Estonia is a small country located in Northern Europe, bordered by the Baltic Sea to the west and Russia to the east. With a population of approximately 1.3 million people, it is one of the least populous countries in the European Union. Estonia has a rich cultural history, with influences from its neighboring countries as well as Germanic and Scandinavian cultures. Its language, Estonian, is part of the Finno-Ugric language family and is known for its complex grammar and unique vowel sounds. Since regaining independence from the Soviet Union in 1991, Estonia has undergone significant political, economic, and social reforms, becoming a high-income country with a developed economy and advanced digital infrastructure. It has a thriving tech sector, with companies such as Skype, TransferWise, and Taxify all originating in Estonia. The country is also known for its natural beauty, with over half of its land covered in forests and a coastline dotted with picturesque seaside towns.
“The Man Who Spoke Snakish” is a 2007 novel by Estonian author Andrus Kivirähk. The story is set in rural Estonia in the 19th century and follows a boy named Leemet who can communicate with snakes. The book explores themes of tradition and identity and has gained international recognition for its mix of historical fiction, magical realism, and folklore.
“Rehepapp ehk November” is a 2000 novel by Estonian author Andrus Kivirähk. It follows the adventures of a village boy named Hans and his relationship with the mysterious Old Barny, set in a fictional 19th century Estonian village. The book blends historical fiction, fantasy, and magical realism, exploring themes such as tradition and modernity. The novel has become a cult classic in Estonia and is considered an important work of contemporary Estonian literature.
“Tõde ja õigus I” is a classic novel by Estonian author A.H. Tammsaare, first published in 1926. The book follows the life of an Estonian farmer named Andres and his family over several generations, exploring themes such as family, love, work, and traditional values in the face of modernization. It is considered an important work of Estonian literature and has been translated into multiple languages.
The Czar’s Madman is a novella by Jaan Kross first published in Estonian in 1978 and later translated into English in 1992. It tells the story of a young Estonian nobleman who becomes a political prisoner and meets Fyodor Dostoevsky in an asylum.
Kevade is a classic Estonian novel written by Oskar Luts and first published in 1912. The story takes place in a small Estonian town and follows the lives of several schoolchildren and their families, exploring themes of childhood, friendship, and growing up. It has since become a beloved cultural treasure in Estonia and has been adapted into numerous plays, films, and TV series.
Set during the 1992 War in Abkhazia, the film tells the story of an Estonian man named Ivo who stays behind in a village to harvest tangerines and takes care of two wounded soldiers from opposing sides.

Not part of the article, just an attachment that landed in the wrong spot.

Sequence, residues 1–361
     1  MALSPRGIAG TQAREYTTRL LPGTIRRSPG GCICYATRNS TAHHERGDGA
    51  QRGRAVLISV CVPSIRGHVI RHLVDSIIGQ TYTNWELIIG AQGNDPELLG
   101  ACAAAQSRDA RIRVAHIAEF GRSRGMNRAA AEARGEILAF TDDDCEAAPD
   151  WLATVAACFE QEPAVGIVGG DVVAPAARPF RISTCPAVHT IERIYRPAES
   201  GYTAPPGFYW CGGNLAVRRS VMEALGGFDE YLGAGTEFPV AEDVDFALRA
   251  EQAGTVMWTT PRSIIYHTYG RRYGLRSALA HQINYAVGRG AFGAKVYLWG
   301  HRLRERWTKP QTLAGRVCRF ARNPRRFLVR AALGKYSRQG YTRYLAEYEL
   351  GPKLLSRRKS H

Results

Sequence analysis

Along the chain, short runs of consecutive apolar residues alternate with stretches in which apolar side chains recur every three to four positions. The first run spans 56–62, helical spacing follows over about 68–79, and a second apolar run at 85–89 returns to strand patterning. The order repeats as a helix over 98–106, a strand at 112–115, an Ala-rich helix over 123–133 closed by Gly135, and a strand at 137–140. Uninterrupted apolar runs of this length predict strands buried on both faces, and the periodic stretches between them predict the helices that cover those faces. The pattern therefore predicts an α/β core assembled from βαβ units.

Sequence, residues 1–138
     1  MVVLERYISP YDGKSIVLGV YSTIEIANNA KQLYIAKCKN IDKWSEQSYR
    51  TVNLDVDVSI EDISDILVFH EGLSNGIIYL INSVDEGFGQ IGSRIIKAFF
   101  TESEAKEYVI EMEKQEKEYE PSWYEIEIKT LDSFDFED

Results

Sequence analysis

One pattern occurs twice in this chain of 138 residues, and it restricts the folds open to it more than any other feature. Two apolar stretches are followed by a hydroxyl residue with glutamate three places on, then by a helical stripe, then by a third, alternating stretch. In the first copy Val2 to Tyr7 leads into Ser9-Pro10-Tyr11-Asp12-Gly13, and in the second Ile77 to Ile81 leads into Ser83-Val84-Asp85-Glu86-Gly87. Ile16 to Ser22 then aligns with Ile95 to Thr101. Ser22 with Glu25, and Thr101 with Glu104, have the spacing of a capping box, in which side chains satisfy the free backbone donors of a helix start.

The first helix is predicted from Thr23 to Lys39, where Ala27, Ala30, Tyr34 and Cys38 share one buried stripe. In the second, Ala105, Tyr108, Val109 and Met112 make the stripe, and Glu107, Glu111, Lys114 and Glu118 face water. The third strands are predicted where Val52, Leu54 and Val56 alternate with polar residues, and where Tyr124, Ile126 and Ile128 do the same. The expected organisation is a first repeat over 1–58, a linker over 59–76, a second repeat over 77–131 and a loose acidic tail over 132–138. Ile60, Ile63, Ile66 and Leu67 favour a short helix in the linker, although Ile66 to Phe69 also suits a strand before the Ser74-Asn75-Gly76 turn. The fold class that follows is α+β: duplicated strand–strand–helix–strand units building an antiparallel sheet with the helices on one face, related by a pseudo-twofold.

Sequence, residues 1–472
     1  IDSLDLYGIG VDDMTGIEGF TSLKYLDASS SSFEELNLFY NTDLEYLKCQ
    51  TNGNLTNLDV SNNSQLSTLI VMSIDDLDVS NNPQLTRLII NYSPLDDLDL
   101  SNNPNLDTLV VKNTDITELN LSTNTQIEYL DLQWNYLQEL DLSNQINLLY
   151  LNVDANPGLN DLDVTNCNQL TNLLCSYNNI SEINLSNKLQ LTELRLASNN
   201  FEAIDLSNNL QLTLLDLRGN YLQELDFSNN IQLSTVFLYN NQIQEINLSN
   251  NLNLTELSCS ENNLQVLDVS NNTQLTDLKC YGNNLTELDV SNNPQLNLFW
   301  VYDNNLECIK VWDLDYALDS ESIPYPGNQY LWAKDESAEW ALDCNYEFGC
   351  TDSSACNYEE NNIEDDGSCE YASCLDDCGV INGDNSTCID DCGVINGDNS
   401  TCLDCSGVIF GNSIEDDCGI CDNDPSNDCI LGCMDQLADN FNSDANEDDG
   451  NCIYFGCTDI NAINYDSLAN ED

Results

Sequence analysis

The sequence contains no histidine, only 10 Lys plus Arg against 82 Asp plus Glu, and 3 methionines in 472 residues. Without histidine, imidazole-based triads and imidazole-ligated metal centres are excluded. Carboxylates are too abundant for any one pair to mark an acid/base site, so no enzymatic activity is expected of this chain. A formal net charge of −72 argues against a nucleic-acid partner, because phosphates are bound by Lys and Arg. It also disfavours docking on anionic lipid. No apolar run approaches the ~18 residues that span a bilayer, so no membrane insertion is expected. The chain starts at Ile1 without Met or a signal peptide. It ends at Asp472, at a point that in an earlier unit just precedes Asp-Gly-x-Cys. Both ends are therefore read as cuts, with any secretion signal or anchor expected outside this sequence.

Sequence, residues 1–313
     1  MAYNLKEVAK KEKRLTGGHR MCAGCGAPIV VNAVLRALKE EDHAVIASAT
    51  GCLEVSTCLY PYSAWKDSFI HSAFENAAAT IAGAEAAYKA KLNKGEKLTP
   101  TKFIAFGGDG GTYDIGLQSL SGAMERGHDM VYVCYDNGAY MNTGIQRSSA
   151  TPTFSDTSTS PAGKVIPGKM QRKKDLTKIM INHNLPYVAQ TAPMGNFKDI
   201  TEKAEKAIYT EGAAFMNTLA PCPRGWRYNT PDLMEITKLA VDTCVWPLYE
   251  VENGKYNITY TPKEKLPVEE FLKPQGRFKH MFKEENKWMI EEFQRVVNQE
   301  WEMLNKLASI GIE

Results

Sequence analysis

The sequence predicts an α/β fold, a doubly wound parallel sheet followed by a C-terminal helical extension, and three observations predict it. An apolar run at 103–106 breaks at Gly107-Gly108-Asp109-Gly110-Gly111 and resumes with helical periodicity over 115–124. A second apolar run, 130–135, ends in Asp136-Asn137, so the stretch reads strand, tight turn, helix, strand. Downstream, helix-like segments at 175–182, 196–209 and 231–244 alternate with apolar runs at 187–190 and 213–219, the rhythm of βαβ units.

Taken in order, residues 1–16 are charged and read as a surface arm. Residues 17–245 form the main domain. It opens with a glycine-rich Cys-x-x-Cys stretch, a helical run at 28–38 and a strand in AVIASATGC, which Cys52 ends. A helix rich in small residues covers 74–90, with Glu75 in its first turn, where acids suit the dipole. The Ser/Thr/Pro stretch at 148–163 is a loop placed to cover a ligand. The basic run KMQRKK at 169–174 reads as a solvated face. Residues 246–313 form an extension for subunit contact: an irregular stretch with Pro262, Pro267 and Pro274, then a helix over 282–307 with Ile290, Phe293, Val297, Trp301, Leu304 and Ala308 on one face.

Based on a true story, the film follows fencing master Endel Nelis, who teaches children the art of fencing in a small Estonian town while facing opposition from the school principal and Soviet officials.
1944 is a 2015 Estonian war drama film directed by Elmo Nüganen. The film portrays the events of 1944 in Estonia during World War II, told from the perspectives of soldiers from both the German and Estonian armies, as well as civilians caught in the middle.
The film is a dark fairy tale set in a pagan Estonian village where spirits, werewolves, and the devil roam. The story follows a young peasant girl named Liina, who is hopelessly in love with a village boy named Hans.
Truth and Justice is a 2019 Estonian drama film directed by Tanel Toom. Based on the classic Estonian novel of the same name, the film follows the story of a hardworking farmer named Andres, who strives to build a prosperous farm in the Estonian countryside. The film explores themes of ambition, sacrifice, and the search for truth and justice. Truth and Justice was Estonia’s official submission for the Best International Feature Film at the 92nd Academy Awards.
Estonia has a rich and diverse music culture, influenced by both its own traditional folk music and Western classical music. The country has produced many prominent classical composers such as Arvo Pärt, Eduard Tubin, and Veljo Tormis. Estonian music also has a strong choral tradition, with numerous choirs and vocal ensembles performing both classical and contemporary music. One of the most famous choirs is the Estonian Philharmonic Chamber Choir, which has won multiple awards and performed all over the world. In addition to classical and choral music, Estonia has a thriving contemporary music scene that includes genres such as pop, rock, jazz, and electronic music. Many Estonian musicians have gained international recognition, such as the electronic music producer Kerli and the indie rock band Ewert and The Two Dragons. The country also hosts several music festivals throughout the year, including the Tallinn Music Week, which showcases local and international acts across various venues in the capital city.